Some seven million people die each year from exposure to polluted air, according to new World Health Organization estimates.
Ambient, or outdoor air pollution alone caused some 4.2 million deaths in 2016, while household air pollution from cooking with polluting fuels and technologies caused an estimated 3.8 million deaths in the same period, according to a report issued Wednesday.
Those figures are on a par with the number of deaths recorded in an earlier study published two years ago.
Air pollution levels remain dangerously high in many parts of the world, according to the fresh WHO study. New data showed that 9 out of 10 people breathe air containing high levels of pollutants.
More than 90 per cent of air pollution-related deaths occur in low- and middle-income countries, mainly in Asia and Africa, followed by low- and middle-income countries of the Eastern Mediterranean region, Europe and the Americas, according to the report.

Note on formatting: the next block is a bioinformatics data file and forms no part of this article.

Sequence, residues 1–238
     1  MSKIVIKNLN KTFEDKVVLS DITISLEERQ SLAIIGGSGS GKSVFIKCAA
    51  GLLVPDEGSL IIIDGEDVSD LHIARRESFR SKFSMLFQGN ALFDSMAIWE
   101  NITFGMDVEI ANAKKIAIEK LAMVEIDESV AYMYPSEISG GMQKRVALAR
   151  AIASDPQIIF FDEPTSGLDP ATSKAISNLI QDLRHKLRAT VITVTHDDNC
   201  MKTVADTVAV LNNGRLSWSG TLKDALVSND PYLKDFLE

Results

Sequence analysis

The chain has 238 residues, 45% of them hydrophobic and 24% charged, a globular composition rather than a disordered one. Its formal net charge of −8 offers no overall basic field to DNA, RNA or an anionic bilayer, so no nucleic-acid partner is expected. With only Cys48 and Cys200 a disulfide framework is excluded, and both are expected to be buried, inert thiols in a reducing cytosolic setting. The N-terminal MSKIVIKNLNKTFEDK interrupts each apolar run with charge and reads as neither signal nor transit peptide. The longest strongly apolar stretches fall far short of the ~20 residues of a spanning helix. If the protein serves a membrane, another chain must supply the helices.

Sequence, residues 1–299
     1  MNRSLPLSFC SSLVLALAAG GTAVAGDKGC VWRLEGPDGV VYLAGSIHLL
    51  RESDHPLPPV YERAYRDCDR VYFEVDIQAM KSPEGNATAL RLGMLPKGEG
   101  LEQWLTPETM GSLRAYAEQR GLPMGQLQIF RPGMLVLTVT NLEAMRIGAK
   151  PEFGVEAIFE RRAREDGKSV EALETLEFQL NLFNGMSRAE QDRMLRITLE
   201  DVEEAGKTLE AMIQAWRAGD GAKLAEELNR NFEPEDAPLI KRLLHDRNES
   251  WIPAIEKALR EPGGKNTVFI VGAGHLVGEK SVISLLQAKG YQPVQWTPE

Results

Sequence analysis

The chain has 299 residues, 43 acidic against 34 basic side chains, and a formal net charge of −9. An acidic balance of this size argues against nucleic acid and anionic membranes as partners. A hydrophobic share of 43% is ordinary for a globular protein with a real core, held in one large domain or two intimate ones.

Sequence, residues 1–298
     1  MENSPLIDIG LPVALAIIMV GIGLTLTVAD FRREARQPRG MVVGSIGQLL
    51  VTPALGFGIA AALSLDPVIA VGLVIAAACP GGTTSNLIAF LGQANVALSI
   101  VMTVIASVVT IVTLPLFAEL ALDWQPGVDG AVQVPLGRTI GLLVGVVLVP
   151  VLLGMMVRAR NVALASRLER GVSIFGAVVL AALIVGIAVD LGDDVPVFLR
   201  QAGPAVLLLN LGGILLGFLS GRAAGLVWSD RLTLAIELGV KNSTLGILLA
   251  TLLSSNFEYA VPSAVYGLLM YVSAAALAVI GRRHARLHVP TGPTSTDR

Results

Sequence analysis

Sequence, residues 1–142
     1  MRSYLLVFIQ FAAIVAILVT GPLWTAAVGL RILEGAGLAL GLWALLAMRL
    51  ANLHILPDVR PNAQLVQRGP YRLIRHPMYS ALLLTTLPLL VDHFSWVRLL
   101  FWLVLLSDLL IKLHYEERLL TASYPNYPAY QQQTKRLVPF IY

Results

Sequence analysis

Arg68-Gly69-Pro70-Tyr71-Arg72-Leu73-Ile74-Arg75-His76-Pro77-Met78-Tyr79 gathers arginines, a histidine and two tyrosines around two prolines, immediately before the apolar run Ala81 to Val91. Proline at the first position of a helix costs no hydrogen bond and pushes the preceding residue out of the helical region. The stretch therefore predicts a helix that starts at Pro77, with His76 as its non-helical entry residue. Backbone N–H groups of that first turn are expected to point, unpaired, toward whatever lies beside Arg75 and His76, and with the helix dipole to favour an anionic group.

“Air pollution threatens us all, but the poorest and most marginalized people bear the brunt of the burden,” WHO Director-General Tedros Adhanom Ghebreyesus said.
“It is unacceptable that over 3 billion people – most of them women and children – are still breathing deadly smoke every day from using polluting stoves and fuels in their homes. If we don’t take urgent action on air pollution, we will never come close to achieving sustainable development,” he said.
The WHO recognizes that air pollution is a critical risk factor for non-communicable diseases (NCDs), causing an estimated one-quarter (24 per cent) of all adult deaths from heart disease, 25 per cent from strokes, 43 per cent from chronic obstructive pulmonary disease and 29 per cent from lung cancer.